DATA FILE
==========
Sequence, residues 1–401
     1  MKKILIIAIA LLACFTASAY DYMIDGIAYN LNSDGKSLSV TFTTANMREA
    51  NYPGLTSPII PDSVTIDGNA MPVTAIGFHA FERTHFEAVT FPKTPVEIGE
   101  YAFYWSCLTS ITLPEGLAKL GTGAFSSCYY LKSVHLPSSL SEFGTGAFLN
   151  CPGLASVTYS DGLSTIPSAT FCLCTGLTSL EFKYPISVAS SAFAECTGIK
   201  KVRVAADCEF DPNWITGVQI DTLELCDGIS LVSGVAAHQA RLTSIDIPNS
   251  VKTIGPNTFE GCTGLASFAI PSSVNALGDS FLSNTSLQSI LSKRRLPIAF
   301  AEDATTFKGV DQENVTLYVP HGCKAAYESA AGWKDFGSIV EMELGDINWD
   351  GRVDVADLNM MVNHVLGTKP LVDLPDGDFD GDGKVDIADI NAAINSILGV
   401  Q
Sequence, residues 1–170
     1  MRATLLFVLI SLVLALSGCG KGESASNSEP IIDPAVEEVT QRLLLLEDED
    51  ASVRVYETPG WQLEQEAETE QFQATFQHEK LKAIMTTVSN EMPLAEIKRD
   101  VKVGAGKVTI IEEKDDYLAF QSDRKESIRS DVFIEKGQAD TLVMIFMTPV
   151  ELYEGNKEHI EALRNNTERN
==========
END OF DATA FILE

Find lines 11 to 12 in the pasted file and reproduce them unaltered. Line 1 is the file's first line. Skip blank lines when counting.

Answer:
Sequence, residues 1–170
     1  MRATLLFVLI SLVLALSGCG KGESASNSEP IIDPAVEEVT QRLLLLEDED